Photograph by Ishika Mohan
INFORMATION, PLEASE: Young Jamal (Dev Patel) faces the host (Anil Kapoor) of an Indian quiz show in 'Slumdog Millionaire.'
'Slumdog Millionaire' is half cuddly and half chilling, and the two halves don't fit
By Richard von Busack
THE BITTER FRUIT of a writer's strike, Who Wants to Be a Millionaire? was an game show overinflated with Regis Philbinized carbon dioxide. Any serious Jeopardy fan has to find it a game for blinking underachievers, considering its possibility for lifeline help. Slumdog Millionaire can first be recommended to people who found the show absolutely fascinating. Danny Boyle's film is about a winner on an Indian version of the show, hosted by a subcontinental Philbin (played with unctuousness and viciousness by Anil Kapoor). The film also tries to re-create the show's nervous pauses with the hero, Jamal (Dev Patel), screwing up his face as he tries to remember the answers. Despite some of Slumdog Millionaire's good qualities, I'm in the minority on this critic-pleaser: there were many times I wanted to change the channel to Alex Trebek.
Boyle tells the story in flashback, beginning with a Mumbai police interrogation. The Muslim Jamal is waterboarded, electro-shocked and beaten, but he refuses to tell the cops how he became a million-rupee winner on the game show. Eventually, a more sympathetic police inspector listens to Jamal's story of hardships. Orphaned during a race riot, Jamal became a street hustler, taken in by a Fagin called Maman (Ankur Vikal). Maman uses Victor Hugo methods to get the most money out of his orphans. We see the mutilation taking place; sentiment and shock go together like peanut butter and jelly. Before they arrive at Maman's camp, Jamal and his brother, Salim (Madhur Nittal), meet the girl Latika who later grows up into a beauty in the form of Freida Pinto; the two brothers become train hustlers and tourist robbers before Salim takes up a serious life of crime. After hearing Jamal out, the police inspector judges that this story is "bizarrely plausible." The funny thing is that such a childhood life of crime seems to be news to him; it makes you wonder what kind of crimes the inspector has been inspecting. The movie might be more compelling if we smelled a rat in Jamal's tale. But he's all hero, and he doesn't have a mean bone in his body. Dev Patel is an easygoing looker; Patel has Tom Cruise's own little demi-turn, shake of his head and wow-can-this-be-happening-to-me grin.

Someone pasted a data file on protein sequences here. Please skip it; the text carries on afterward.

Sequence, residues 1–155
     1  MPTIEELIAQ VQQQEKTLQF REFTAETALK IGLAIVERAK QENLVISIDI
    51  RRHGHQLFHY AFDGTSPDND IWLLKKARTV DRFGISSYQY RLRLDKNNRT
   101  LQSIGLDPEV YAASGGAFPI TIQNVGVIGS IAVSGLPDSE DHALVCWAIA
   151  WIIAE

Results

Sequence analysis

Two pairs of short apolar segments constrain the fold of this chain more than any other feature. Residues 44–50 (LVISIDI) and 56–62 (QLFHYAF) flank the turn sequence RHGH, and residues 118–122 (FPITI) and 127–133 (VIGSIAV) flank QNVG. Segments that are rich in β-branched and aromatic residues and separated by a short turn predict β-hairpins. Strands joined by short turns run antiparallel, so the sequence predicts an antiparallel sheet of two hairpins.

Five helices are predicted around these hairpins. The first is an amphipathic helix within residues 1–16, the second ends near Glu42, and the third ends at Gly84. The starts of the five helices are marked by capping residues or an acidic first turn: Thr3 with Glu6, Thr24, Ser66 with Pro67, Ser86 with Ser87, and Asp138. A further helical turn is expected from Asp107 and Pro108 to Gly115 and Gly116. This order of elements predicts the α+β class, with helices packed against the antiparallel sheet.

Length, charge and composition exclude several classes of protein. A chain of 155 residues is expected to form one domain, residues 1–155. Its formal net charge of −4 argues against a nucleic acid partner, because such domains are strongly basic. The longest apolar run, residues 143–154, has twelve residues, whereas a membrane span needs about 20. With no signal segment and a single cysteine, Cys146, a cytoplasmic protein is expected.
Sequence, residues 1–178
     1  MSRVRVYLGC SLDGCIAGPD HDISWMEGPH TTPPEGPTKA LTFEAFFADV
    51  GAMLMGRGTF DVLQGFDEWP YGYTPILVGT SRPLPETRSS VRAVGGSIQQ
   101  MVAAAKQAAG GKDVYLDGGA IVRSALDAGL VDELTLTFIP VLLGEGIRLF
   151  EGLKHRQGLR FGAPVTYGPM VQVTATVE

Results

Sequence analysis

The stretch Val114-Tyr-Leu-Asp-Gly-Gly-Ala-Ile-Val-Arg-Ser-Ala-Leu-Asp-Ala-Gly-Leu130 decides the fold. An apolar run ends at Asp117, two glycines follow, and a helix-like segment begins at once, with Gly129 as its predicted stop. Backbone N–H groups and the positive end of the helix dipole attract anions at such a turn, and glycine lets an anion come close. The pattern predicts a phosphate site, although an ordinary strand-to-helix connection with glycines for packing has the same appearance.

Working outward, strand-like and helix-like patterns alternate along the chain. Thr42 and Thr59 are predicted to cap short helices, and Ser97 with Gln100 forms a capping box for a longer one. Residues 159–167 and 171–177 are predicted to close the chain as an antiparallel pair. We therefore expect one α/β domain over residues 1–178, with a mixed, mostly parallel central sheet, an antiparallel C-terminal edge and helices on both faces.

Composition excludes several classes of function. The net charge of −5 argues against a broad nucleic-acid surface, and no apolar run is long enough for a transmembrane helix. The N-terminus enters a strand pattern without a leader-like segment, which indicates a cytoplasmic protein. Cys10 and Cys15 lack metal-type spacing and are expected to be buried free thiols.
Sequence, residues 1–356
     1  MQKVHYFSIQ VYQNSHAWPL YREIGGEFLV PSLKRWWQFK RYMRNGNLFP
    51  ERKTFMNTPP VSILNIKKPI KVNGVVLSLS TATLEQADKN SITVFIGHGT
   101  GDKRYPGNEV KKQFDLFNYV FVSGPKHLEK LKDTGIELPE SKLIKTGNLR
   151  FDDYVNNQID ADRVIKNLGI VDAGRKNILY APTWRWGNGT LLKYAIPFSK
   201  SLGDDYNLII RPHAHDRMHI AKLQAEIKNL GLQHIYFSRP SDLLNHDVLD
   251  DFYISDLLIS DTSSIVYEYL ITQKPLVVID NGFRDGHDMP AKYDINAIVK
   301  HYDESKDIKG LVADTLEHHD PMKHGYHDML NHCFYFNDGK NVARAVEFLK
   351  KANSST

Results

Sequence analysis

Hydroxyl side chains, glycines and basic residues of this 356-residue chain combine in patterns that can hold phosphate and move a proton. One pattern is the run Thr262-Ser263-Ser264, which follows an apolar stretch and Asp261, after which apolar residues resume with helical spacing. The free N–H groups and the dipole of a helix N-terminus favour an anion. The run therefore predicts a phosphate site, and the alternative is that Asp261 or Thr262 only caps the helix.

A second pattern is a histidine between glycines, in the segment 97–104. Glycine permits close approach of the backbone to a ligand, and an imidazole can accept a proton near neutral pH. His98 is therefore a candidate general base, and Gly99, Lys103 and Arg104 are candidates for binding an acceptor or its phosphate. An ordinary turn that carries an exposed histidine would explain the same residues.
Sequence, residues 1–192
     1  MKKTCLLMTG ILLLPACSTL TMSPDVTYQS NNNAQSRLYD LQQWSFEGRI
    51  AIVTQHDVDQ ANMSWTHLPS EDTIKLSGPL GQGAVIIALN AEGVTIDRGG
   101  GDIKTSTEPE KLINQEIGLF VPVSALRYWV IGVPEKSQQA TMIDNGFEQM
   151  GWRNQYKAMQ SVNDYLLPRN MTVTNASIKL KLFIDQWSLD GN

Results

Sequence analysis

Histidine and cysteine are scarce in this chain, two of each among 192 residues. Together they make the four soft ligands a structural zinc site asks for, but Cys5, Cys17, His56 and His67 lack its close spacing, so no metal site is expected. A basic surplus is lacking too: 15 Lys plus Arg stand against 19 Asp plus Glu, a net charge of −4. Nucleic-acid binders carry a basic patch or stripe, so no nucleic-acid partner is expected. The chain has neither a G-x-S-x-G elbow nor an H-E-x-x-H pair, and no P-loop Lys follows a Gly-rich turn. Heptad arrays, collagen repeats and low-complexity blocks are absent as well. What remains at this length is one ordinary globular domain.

On the one hand, the digital camera work gets us into neighborhoods that would have been too desperate for a ordinary camera crew. Boyle gives us angles on India we haven't seen before, such as a look at the garbage-strewn lagoon near the Taj Mahal. On the other hand, the results of the small-camera work are wan, dyspeptic color and editing that races to the threshold of visibility. Boyle reprises some of the bits that made him famous in Trainspotting—a police foot chase and a way-more-septic version of "The Worst Toilet in Scotland" gag. But in this film-festival hit, the square peg of Bombay ghetto life is driven into the round hole of a Dickensian plot, complete with winner-take-everything finale. The grottiness and the torture sequences are just window dressing to make the fluff seem real. It does the opposite, making the real seem fluffy.
SLUMDOG MILLIONAIRE (R; 120 min.), directed by Danny Boyle, written by Simon Beaufoy, based on the novel by Vikas Swarup, photographed by Anthony Dod Mantle and starring Dev Patel, plays at selected theaters.
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